Agnes Scott College
Larry Riddle, Agnes Scott College

Dihedral Group and Sierpinski Relatives


Dihedral Group

The eight transformations of a square shown below form a finite group called the dihedral group of order 8. Transformations 2, 3, and 4 are counterclockwise rotations by 90°, 180°, and 270° respectively. Transformations 5 and 6 are vertical and horizontal reflections, while transformations 7 and 8 are reflections across the two diagonals of the square.

symmetries

The following table shows the result of combining one transformation with another. The one down the rows is done first, followed by the one across the columns. If we call the transformations Tn for n = 1, 2, 3, 4, 5, 6, 7, 8 then the table shows the result of the composition Tc•Tr, where r and c denote row and column.

\[\begin{array}{*{20}{c}} {} & {\begin{array}{*{20}{c}} 1 & 2 & 3 & 4 & 5 & 6 & 7 & 8 \\ \end{array} } \\ {\begin{array}{*{20}{c}} 1 \\ 2 \\ 3 \\ 4 \\ 5 \\ 6 \\ 7 \\ 8 \\ \end{array} } & {\boxed{\begin{array}{*{20}{c}} 1 & 2 & 3 & 4 & 5 & 6 & 7 & 8 \\ 2 & 3 & 4 & 1 & 8 & 7 & 5 & 6\\ 3 & 4 & 1 & 2 & 6 & 5 & 8 & 7\\ 4 & 1 & 2 & 3 & 7 & 8 & 6 & 5\\ 5 & 7 & 6 & 8 & 1 & 3 & 2 & 4\\ 6 & 8 & 5 & 7 & 3 & 1 & 4 & 2\\ 7 & 6 & 8 & 5 & 4 & 2 & 1 & 3\\ 8 & 5 & 7 & 6 & 2 & 4 & 3 & 1\\ \end{array} }} \\ \end{array} \]

So, for example, applying a reflection across the lower left to upper right diagonal (#7) followed by a rotation by 270° (#4) is the same as doing a vertical reflection (#5), as illustrated below. Hence T5 = T4•T7.

7x4equals5

In fact, you only need transformations 2 (rotation by 90°) and 5 (vertical reflection across a horizontal line) to generate the non-identity transformations:

T2 = T2
T3 = (T2)2
T4 = (T2)3
T5 = T5
T7 = T2•T5
T6 = (T2)2•T5
T8 = (T2)3•T5

Example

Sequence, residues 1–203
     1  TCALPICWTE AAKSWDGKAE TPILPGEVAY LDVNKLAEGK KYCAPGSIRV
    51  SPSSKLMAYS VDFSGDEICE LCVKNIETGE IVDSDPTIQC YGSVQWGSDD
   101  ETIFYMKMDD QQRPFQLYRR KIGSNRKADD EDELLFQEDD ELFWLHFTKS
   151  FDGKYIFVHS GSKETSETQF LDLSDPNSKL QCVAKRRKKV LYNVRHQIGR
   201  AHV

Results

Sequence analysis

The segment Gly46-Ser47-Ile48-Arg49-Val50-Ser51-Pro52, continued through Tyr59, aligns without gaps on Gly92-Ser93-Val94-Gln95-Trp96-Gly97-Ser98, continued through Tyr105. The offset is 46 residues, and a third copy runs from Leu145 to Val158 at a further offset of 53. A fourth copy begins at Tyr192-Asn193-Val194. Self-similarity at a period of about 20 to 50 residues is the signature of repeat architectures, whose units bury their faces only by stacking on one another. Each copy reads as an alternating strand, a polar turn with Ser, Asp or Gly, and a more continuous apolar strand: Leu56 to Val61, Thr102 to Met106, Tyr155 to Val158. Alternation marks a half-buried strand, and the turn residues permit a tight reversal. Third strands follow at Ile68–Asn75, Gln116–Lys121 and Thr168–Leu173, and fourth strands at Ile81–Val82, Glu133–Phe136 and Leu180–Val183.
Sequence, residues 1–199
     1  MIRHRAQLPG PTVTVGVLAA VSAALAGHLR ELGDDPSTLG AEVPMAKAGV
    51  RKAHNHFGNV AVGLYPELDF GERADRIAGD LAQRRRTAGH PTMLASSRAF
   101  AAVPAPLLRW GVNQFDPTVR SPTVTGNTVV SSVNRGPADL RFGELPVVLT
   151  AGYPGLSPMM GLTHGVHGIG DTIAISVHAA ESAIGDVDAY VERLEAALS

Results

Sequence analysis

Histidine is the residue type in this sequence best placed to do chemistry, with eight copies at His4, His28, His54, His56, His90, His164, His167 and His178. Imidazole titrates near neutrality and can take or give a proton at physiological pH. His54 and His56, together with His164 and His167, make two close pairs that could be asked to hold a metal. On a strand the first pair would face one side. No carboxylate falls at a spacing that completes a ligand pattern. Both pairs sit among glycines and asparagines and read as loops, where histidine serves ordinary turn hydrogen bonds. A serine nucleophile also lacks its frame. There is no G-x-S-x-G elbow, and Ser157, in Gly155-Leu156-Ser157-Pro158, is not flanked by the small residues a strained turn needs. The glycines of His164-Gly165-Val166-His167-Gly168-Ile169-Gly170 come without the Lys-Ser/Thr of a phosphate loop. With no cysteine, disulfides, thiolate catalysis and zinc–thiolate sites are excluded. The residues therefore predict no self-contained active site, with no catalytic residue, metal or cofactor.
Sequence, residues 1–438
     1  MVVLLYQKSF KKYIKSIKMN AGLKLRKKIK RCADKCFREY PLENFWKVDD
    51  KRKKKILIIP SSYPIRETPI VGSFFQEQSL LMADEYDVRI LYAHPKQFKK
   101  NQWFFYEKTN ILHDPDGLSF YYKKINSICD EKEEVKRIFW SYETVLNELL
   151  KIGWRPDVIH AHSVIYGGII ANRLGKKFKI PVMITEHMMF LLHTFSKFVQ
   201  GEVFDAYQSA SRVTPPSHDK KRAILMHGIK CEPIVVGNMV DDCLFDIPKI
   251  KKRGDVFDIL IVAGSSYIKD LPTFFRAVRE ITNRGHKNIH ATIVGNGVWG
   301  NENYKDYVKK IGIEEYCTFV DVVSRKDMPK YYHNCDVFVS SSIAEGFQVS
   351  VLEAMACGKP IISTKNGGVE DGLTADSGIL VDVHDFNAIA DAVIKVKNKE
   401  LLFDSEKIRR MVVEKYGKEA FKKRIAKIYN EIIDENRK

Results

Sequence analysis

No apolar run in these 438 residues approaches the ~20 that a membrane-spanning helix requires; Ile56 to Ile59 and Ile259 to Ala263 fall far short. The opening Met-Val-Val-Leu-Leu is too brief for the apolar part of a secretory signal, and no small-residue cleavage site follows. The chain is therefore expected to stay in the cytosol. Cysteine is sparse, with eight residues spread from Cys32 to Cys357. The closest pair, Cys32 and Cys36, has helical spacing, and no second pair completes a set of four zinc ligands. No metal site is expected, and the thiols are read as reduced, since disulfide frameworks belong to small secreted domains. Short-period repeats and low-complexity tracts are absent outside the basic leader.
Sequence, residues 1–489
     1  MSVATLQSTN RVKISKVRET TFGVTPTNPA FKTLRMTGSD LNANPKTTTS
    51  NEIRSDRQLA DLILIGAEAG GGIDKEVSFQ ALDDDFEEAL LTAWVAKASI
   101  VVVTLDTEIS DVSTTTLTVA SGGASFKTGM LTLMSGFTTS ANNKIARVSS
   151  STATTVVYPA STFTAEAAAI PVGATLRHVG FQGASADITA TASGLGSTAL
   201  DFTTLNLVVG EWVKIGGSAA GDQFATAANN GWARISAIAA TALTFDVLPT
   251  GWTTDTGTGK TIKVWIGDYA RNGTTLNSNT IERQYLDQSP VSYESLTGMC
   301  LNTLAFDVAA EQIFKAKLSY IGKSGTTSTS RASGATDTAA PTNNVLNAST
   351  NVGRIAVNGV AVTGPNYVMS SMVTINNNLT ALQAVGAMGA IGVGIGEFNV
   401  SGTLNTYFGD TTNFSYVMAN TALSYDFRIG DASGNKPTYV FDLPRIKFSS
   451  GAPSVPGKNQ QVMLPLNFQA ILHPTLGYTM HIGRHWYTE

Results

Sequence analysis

As an example, consider the Sierpinski relative 365. We will take the initial set to be the unit square with vertex at the origin.

365pattern

The first function (top left) must scale by 1/2 and rotate by 180°. As the figure below shows, the square must also be translated 1/2 to the right and up by 1.

365function1
\[\begin{aligned} {f_1}({\mathbf{x}}) &= \left[ {\begin{array}{*{20}{c}} {\cos {{(180)}^ \circ }} & { - \sin {{(180)}^ \circ }} \\ {\sin {{(180)}^ \circ }} & {\cos {{(180)}^ \circ }} \\ \end{array} } \right]\left[ {\begin{array}{*{20}{c}} {1/2} & 0 \\ 0 & {1/2} \\ \end{array} } \right]{\mathbf{x}} + \left[ {\begin{array}{*{20}{c}} {1/2} \\ {1} \\ \end{array} } \right] \\ &= \left[ {\begin{array}{*{20}{c}} { - 1/2} & {0} \\ { 0} & { - 1/2} \\ \end{array} } \right]{\mathbf{x}} + \left[ {\begin{array}{*{20}{c}} {1/2} \\ {1} \\ \end{array} } \right] \\ \end{aligned} \]


The second function (bottom left) must scale by 1/2, followed by a reflection across the vertical axis. As the figure below shows, this must then by followed by a translation by 1/2 to the right.

365function2
\[\begin{aligned} {f_2}({\mathbf{x}}) &= \left[ {\begin{array}{*{20}{c}} { - 1} & 0 \\ 0 & 1 \\ \end{array} } \right]\left[ {\begin{array}{*{20}{c}} {1/2} & 0 \\ 0 & {1/2} \\ \end{array} } \right]{\mathbf{x}} + \left[ {\begin{array}{*{20}{c}} {1/2} \\ 0 \\ \end{array} } \right] \\ &= \left[ {\begin{array}{*{20}{c}} {-1/2} & {0} \\ {0} & { 1/2} \\ \end{array} } \right]{\mathbf{x}} + \left[ {\begin{array}{*{20}{c}} {1/2} \\ 0 \\ \end{array} } \right] \\ \end{aligned} \]


The third function (bottom right) must scale by 1/2, followed by a reflection across the horizontal axis. The square must then be translated by 1/2 to the right and 1/2 up.

365function3
\[\begin{aligned} {f_3}({\mathbf{x}}) &= \left[ {\begin{array}{*{20}{c}} { 1} & {0} \\ 0 & {-1} \\ \end{array} } \right]\left[ {\begin{array}{*{20}{c}} {1/2} & 0 \\ 0 & {1/2} \\ \end{array} } \right]{\mathbf{x}} + \left[ {\begin{array}{*{20}{c}} {1/2} \\ {1/2} \\ \end{array} } \right] \\ &= \left[ {\begin{array}{*{20}{c}} {1/2} & {0} \\ {0} & { -1/2} \\ \end{array} } \right]{\mathbf{x}} + \left[ {\begin{array}{*{20}{c}} {1/2} \\ {1/2} \\ \end{array} } \right] \\ \end{aligned} \]

This IFS produces the following Sierpinski relative.

365